US new home sales miss expectations in April

WASHINGTON: Sales of new US homes were weaker than analysts expected in April, government data showed Thursday, with slower mortgage demand appearing to bog down the number of transactions.

New single-family home sales came in at an annual rate of 634,000 last month, seasonally adjusted, down 4.7 per cent from March's 665,000 rate, said the Commerce Department.

The figure for March was revised lower, while April's numbers were below a consensus forecast of 680,000.

Home sales have taken a hit since the Federal Reserve raised the benchmark lending rate rapidly in 2022 to curb surging inflation.

But significantly higher mortgage rates have also made homeowners reluctant to sell their properties, leading to tighter supply and pushing buyers into the market for new construction.

While a 30-year fixed-rate US mortgage averaged around three percent in May 2021, the average rate as of May 16 was around 7.0 percent.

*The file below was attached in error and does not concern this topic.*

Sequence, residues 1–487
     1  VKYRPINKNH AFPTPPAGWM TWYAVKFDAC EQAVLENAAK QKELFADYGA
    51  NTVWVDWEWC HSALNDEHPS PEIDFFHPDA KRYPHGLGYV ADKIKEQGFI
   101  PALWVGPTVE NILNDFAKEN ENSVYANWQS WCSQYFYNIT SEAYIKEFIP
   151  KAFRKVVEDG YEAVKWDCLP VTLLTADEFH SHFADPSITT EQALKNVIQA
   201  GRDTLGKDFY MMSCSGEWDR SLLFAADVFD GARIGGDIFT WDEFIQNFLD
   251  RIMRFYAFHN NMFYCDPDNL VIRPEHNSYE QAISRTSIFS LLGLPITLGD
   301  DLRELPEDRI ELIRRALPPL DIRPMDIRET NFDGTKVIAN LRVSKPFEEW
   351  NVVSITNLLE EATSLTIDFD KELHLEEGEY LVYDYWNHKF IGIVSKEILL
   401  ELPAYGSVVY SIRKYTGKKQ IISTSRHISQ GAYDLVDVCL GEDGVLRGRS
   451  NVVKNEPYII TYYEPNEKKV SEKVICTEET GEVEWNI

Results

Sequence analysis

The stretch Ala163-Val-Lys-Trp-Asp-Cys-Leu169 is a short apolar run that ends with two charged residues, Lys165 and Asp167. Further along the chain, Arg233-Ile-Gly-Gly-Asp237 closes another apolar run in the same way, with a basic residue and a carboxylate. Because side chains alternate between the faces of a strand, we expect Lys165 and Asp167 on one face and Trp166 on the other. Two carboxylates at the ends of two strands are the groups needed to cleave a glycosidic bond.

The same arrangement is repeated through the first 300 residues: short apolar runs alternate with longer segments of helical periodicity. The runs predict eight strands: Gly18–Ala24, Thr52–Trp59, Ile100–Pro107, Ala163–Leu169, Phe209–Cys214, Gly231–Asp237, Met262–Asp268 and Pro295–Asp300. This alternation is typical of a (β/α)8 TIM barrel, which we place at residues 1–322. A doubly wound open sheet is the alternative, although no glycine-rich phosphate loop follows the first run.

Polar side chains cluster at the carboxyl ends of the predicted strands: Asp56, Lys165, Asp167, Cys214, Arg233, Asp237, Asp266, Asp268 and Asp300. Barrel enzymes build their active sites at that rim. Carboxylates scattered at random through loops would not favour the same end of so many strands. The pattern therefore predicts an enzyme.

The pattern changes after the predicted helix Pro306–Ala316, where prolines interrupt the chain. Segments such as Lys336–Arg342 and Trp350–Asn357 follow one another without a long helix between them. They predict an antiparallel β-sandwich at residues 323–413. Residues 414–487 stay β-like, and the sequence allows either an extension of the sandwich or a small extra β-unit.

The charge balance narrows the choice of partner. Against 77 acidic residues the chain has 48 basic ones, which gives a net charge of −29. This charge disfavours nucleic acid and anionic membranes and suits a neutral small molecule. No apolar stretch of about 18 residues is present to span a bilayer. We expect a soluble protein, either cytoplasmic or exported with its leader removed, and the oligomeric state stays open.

This has given the new homes market a boost in past months.

Compared with the same period a year ago, however, sales of new homes were 7.7 percent lower in April.

The median sales price was US$433,500, slightly lower than in March, the Commerce Department said.

While sales data can be volatile and revised later, the April selling pace was lower than the first quarter average of 653,000, noted Rubeela Farooqi, chief US economist at High Frequency Economics.

"The new home sales report completes a trifecta of bad news in housing this week," said economist Robert Frick of the Navy Federal Credit Union.

"Building is anemic, existing home sales missed estimates and now new home sales had a big drop and remain tepid overall," he added in a statement.

While lower interest rates will support builders and buyers, this is "especially because we need robust building to make up for weak construction in the 2010s," Frick said.

Economist Oliver Allen of Pantheon Macroeconomics expects mortgage rates to decline in the coming quarters, "partly in response to a softening labor market."

"That would be a mixed blessing for home sales since it would reduce the pool of potential homebuyers," he said.

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